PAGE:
Quicken, the popular money-management software that lets users track and plan budgeting, spending, saving and investing, now can cost you three times as much as before. With earlier versions, you received the right to use Quicken’s online features, such as online bill pay and bank account statement downloads, for three years. Now if you buy Quicken 2018 directly from Quicken Inc. (as opposed to from a brick-and-mortar store or third-party online retailer), you receive only a one-year “membership.” To continue using the software’s online features, you would have to pay again each future year. The initial amount charged for Quicken 2018 is comparable to prices in past years—$49.99 for the “Deluxe” version, for example—so if you’re not paying careful attention, you easily could overlook the fact that the much shorter time frame effectively triples your long-term cost.
If you buy Quicken from a brick-and-mortar store or third-party online retailer, you receive at least two years of online access, but you still will have to pay a much steeper price than in past years. Example: Quicken Deluxe recently cost $89.99 for a 27-month “membership” if you purchased the “Amazon Exclusive” edition through Amazon.com—that’s the equivalent of $40 per year.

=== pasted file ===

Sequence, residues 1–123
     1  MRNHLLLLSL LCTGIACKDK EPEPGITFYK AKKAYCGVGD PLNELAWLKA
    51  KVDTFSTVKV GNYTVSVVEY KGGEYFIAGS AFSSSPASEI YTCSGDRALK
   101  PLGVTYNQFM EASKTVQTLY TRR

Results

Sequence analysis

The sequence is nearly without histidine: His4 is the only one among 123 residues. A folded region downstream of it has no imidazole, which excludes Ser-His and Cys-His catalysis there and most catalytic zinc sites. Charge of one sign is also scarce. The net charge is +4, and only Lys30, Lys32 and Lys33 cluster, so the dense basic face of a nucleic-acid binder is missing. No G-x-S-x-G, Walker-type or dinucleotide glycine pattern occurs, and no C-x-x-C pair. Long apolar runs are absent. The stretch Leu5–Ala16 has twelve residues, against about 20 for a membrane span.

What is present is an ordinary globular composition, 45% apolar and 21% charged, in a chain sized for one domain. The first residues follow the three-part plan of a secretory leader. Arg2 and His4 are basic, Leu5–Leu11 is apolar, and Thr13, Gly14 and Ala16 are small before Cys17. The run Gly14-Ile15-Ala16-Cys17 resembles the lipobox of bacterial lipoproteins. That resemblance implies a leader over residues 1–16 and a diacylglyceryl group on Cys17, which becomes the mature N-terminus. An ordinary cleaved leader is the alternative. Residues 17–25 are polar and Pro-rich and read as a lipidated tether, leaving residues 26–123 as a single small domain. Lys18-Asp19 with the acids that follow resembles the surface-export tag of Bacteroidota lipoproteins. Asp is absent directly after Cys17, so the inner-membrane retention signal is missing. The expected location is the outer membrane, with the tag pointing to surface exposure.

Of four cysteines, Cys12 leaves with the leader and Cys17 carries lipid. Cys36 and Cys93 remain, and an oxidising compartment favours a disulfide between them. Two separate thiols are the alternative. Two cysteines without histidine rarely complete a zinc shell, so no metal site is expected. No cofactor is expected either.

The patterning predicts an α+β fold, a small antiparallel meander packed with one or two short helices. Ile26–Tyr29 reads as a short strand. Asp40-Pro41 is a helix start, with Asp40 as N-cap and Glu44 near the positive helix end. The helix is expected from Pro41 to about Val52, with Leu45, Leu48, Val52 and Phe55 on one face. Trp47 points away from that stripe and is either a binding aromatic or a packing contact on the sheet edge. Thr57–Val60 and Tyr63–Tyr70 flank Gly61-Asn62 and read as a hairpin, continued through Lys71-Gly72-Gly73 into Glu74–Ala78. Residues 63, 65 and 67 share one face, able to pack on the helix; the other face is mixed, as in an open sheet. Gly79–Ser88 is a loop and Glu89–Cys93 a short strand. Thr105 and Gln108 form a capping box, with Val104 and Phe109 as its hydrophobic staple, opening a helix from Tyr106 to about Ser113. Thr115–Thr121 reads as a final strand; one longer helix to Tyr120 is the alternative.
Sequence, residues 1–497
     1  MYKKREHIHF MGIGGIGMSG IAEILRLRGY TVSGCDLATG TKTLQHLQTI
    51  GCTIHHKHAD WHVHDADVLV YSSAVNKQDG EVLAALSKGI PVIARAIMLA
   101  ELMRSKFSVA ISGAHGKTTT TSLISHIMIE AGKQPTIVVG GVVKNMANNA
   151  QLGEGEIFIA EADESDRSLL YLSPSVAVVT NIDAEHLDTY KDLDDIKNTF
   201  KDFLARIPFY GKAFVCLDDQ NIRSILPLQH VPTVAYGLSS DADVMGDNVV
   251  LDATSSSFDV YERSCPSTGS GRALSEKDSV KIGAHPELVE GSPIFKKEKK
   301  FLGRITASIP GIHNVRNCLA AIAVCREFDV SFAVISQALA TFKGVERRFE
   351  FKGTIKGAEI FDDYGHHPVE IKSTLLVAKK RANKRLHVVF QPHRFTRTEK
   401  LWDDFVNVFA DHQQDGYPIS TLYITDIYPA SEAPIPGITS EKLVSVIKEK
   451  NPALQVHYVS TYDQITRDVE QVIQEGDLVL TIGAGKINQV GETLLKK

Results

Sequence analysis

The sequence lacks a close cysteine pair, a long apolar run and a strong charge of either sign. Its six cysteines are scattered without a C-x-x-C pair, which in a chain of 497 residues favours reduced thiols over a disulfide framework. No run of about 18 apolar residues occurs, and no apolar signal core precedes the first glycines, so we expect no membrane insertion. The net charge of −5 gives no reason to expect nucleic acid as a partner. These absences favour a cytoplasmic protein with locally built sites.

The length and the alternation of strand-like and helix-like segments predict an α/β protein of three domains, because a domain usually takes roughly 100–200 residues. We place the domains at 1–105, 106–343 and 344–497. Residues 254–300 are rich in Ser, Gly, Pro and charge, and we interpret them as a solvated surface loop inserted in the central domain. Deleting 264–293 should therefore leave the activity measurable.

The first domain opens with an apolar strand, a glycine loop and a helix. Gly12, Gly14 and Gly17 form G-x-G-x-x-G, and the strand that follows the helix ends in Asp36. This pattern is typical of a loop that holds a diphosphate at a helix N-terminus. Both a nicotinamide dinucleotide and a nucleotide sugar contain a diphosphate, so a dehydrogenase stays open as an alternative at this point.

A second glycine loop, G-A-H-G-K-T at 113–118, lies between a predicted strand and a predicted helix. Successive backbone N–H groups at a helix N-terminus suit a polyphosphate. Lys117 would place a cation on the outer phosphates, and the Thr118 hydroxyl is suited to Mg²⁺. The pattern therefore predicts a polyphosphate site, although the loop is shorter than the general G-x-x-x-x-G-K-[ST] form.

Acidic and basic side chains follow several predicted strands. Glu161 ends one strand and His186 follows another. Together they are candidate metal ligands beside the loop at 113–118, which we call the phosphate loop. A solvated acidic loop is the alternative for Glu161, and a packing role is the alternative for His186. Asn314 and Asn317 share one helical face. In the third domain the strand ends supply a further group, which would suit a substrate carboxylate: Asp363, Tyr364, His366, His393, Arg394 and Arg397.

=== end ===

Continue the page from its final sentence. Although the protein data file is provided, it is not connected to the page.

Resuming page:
These large price hikes are being imposed as the company moves to a system of continual updates rather than annual changes. The company behind all this is H.I.G. Capital, a private-equity investment firm that in 2016 bought the Quicken brand from Intuit, its longtime maker. Intuit no longer makes or sells the program.
What to do: If you purchased Quicken within the past month and do not consider it worth the new, higher price that you might not have initially noticed, consider taking advantage of the 30-day money-back guarantee.
If you are using a version of Quicken from 2016 or 2017, you don’t have to upgrade for 2018—the version you have is still good until April 2019 or 2020, respectively, despite the recent changes.